Despite its smallness, North Dakota's population and caring instincts are assets for recovery from addiction.
So says first lady Kathryn Helgaas Burgum, whose platform of addiction treatment and recovery rolls out Recovery Reinvented on Tuesday. The event will bring together speakers and professionals over topics ranging from sober living to Native American recovery to re-entry into the workforce after incarceration.
"We thought we could get started right away on the addiction issues in our state, just starting down the path of talking about addiction as a disease and not a moral failing," Helgaas Burgum said.
In recovery for 15 years, the first lady added that she and Gov. Doug Burgum wanted to work together with others to reduce the shame and stigma often associated with addiction.
Pamela Sagness, director of the North Dakota Department of Human Services' Behavioral Health Division, agreed.
"I think the key conversation around that is every community can be doing something, and part of that is reframing the way we think about recovery and treatment," she said.
From the state's prisons, where 75 percent of inmates have addiction, to rural communities lacking big city resources, Helgaas Burgum said Tuesday's event will address treatment efforts down to the individual level.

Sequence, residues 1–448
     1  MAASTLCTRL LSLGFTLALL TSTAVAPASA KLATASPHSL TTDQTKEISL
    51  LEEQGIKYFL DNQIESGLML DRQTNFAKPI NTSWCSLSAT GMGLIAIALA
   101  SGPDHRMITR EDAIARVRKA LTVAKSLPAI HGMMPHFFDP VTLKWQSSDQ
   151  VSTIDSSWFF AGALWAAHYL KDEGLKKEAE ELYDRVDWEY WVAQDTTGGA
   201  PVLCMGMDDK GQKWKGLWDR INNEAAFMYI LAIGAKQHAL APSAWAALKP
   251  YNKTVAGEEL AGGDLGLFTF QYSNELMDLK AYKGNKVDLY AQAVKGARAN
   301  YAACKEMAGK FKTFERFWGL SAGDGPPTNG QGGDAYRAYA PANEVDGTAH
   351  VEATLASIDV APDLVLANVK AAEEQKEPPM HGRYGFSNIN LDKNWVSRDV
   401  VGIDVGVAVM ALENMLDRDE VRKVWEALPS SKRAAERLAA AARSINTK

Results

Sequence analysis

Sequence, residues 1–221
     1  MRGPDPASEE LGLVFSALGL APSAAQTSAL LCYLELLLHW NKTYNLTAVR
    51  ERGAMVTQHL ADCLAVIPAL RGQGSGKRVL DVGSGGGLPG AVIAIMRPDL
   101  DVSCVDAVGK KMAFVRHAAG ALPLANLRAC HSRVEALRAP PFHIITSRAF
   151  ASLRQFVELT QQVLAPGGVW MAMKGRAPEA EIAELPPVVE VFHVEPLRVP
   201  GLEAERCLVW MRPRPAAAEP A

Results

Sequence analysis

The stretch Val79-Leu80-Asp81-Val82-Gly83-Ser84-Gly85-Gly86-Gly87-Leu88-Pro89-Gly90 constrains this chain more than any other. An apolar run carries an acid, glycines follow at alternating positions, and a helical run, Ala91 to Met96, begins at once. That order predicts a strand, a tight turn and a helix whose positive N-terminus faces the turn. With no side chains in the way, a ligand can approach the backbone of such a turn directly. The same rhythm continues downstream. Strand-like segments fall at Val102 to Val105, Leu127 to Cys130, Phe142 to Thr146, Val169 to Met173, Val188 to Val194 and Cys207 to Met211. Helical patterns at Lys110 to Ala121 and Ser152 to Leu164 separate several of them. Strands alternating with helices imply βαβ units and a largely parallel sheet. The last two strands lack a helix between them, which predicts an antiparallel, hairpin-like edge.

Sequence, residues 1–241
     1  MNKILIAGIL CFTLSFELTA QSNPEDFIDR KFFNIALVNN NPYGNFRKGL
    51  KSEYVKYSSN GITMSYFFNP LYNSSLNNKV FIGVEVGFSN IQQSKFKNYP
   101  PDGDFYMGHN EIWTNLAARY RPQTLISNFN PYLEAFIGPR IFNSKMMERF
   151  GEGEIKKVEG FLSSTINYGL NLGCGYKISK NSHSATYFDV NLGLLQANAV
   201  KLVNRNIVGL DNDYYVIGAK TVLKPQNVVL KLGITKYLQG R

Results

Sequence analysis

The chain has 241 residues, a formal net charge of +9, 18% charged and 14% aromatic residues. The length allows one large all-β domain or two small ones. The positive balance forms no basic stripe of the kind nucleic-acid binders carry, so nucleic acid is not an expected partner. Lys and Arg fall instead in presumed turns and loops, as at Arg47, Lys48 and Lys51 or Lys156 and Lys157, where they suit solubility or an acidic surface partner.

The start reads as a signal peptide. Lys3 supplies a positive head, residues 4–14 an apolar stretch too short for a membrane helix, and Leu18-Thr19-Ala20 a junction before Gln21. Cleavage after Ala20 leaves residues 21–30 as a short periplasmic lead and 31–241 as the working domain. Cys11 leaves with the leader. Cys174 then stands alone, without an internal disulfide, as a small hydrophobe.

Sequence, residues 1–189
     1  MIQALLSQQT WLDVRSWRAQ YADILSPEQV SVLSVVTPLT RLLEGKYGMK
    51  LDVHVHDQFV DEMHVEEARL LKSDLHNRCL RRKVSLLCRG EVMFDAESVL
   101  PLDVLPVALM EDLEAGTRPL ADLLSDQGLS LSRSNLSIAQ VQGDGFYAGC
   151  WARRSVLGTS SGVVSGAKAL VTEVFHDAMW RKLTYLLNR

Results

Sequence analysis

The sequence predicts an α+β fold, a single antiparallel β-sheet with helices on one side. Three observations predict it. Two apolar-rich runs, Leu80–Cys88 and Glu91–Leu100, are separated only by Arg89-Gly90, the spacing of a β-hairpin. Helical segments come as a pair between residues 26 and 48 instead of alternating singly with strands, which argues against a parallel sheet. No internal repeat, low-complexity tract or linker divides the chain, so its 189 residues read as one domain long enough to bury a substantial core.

"We have a culture of caring about our neighbors," Sagness said. "That's actually a protective factor. A lot of rural areas have the benefit of that connectiveness."
Peer support services, connecting with local faith organizations and educating small communities about outside resources are all possible, Helgaas Burgum and Sagness concurred.
"It's so important that we also connect with our faith communities in being part of that recovery support," Sagness said.
"The church could become that resource for peer-to-peer support," Helgaas Burgum said. "They can really in their community do a lot to reduce the shame and stigma."
On the state side of things, every agency is making some effort to improve treatment practices, according to Sagness, adding, as an example, that Game and Fish and Parks and Recreation are addressing drug use on their lands.
The health department and state corrections are taking obvious steps, she also said, but so is the National Guard on improving behavioral health care for military families.
"It's something that is completely cross-cutting, and every agency has every opportunity to be part of the solution," Sagness said.
Helgaas Burgum has ventured outside North Dakota, studying addiction resources in Arizona, Vermont, Kentucky and elsewhere to examine progress.
"We like to look at those best practices," she said.
Recovery Reinvented is an appetizer of sorts to the state's annual behavioral health conference, running Wednesday to Friday. Sagness said the two events go hand in hand for behavioral health professionals, particularly with principles and practices that Recovery Reinvented will highlight.
About 800 people had registered for Recovery Reinvented as of Friday, with space limited once the number approaches 1,000.
"Every individual has the opportunity to become an advocate for recovery and talking about the disease of addiction," Sagness said.
Recovery Reinvented is free and open to the public from 8 a.m. to 5 p.m. Tuesday at the Bismarck Event Center. Participants may register online at recoveryreinvented.com.